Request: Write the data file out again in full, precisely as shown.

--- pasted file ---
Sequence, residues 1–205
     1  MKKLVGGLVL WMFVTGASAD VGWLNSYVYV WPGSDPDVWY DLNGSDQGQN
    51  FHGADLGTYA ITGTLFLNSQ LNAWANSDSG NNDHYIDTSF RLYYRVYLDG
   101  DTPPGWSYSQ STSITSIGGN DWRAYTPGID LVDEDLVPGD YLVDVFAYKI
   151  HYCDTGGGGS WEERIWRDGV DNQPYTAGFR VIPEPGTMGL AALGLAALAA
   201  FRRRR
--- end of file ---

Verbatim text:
Sequence, residues 1–205
     1  MKKLVGGLVL WMFVTGASAD VGWLNSYVYV WPGSDPDVWY DLNGSDQGQN
    51  FHGADLGTYA ITGTLFLNSQ LNAWANSDSG NNDHYIDTSF RLYYRVYLDG
   101  DTPPGWSYSQ STSITSIGGN DWRAYTPGID LVDEDLVPGD YLVDVFAYKI
   151  HYCDTGGGGS WEERIWRDGV DNQPYTAGFR VIPEPGTMGL AALGLAALAA
   201  FRRRR